• Update your Wi-Fi password and network name. If your network at home isn’t protected, that’s absolutely essential. Contact your internet provider, or review your router’s manual for instructions on how to secure your network. Your Wi-Fi password should be updated periodically as well. A good general rule of thumb is to change your passwords with each change of season, or four times a year.
  • Lockdown your social media profiles. Consider going private on Twitter, reviewing your privacy settings on Facebook and deleting old social media profiles you no longer use. Awhile ago, I did a Google search on my full name and found a Friendster account from 10 years ago. Horrifying.
  • Don’t reveal too much of your personal information online. Have you ever had to reset a password and answer security questions to do so? Your date of birth, your mother’s maiden name, etc. can easily slip out online, and if your profiles are public, predators can piece together information about you pretty easily.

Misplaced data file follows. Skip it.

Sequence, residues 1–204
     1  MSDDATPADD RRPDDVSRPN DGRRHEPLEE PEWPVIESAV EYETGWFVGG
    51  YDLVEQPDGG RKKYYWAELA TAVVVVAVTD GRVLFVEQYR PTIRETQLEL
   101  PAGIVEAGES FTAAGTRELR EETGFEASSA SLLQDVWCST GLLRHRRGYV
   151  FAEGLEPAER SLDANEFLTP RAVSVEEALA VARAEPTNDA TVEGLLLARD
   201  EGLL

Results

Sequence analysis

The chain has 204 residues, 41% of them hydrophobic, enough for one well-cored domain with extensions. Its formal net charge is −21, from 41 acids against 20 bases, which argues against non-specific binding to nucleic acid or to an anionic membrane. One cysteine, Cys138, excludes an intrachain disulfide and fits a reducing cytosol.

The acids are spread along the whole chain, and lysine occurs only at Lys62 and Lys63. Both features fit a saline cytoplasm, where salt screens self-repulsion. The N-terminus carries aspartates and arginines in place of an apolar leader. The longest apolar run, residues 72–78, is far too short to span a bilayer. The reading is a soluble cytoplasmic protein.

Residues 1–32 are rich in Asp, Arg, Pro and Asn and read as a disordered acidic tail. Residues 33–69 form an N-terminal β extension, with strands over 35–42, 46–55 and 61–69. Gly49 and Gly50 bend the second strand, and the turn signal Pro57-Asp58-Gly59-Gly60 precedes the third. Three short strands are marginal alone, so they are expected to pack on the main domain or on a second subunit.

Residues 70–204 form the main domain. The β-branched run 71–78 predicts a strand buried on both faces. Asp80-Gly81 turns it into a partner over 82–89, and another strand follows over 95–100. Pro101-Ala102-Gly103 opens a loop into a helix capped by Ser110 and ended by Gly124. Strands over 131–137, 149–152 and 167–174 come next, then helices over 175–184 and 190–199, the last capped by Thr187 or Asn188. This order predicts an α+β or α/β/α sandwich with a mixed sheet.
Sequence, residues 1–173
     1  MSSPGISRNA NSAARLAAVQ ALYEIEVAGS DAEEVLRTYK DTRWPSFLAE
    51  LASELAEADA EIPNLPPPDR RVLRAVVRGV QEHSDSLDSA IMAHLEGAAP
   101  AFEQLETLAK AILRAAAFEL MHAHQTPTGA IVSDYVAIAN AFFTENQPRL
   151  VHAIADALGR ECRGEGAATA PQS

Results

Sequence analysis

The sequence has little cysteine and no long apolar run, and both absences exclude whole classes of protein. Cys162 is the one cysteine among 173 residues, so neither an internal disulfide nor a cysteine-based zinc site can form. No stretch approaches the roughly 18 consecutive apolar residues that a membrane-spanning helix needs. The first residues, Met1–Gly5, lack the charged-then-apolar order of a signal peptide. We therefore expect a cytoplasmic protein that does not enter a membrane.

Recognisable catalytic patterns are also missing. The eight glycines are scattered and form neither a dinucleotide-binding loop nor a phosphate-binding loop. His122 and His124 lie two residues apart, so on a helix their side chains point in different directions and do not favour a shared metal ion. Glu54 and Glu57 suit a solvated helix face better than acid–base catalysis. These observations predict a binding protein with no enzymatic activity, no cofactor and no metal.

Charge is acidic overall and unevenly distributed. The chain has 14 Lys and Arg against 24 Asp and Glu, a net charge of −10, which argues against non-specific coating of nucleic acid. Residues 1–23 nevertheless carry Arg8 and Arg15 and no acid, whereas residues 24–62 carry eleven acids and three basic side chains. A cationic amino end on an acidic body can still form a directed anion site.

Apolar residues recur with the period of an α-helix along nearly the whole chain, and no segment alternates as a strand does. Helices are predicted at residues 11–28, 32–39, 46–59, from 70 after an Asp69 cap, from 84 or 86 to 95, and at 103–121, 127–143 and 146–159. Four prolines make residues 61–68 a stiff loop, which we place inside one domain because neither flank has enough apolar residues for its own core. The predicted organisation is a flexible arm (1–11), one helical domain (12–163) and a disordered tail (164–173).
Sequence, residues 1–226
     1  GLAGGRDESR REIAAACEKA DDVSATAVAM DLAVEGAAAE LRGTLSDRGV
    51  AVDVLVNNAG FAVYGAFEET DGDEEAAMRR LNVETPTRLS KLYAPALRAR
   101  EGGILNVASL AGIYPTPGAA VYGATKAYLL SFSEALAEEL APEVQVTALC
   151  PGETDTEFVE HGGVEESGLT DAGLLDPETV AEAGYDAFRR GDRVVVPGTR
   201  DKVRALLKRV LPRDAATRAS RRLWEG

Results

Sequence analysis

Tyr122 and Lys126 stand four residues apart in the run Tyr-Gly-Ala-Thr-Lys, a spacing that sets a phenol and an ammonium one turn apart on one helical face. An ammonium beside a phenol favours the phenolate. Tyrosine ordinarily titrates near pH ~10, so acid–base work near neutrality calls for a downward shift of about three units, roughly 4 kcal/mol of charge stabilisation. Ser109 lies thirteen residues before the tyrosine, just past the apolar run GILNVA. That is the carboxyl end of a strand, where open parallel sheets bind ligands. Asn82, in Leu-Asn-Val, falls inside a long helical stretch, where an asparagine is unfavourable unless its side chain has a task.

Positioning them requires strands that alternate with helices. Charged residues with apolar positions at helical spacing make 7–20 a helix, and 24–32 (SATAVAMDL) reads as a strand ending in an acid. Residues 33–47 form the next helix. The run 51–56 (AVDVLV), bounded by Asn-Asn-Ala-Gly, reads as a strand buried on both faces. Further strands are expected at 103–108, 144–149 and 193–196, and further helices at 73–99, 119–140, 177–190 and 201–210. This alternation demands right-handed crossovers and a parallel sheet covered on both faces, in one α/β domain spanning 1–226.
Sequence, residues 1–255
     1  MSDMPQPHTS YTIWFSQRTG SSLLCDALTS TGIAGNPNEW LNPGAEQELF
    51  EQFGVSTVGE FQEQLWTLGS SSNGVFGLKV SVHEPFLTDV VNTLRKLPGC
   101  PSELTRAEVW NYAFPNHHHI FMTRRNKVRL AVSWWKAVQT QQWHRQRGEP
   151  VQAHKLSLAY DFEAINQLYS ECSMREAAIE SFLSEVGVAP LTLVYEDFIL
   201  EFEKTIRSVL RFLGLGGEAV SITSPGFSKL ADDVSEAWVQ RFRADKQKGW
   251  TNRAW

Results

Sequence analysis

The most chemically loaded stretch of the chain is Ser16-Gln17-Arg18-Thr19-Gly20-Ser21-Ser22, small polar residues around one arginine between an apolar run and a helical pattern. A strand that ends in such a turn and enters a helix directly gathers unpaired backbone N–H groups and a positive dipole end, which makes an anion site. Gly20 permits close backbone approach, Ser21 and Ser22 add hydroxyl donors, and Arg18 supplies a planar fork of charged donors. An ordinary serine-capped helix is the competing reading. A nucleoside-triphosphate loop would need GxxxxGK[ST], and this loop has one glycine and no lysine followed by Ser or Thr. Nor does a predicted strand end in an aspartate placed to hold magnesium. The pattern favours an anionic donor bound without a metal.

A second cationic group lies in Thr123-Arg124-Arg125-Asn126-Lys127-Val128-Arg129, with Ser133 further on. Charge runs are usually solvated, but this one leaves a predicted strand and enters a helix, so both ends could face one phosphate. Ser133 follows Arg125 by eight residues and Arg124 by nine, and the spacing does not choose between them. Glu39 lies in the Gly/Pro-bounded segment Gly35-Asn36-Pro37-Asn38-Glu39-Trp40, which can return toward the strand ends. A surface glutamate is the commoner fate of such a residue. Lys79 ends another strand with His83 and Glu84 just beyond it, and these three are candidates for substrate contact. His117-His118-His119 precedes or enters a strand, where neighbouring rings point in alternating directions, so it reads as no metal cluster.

• If you’re using shared computers or public networks on your devices, be very careful. Public wi-fi networks are especially dangerous, as we often won’t think twice about checking our account balances online, paying your electricity bill, or writing emails with sensitive content. If you’re shopping online, be sure the site is using a secure channel to process your billing information. Check the address bar. If the URL begins with “https,” you are good to go.

Above all, always be aware that most what you put on the Internet can be accessed by anyone, at any time. Be on defense and stay proactive.

What are your tips for staying safe online?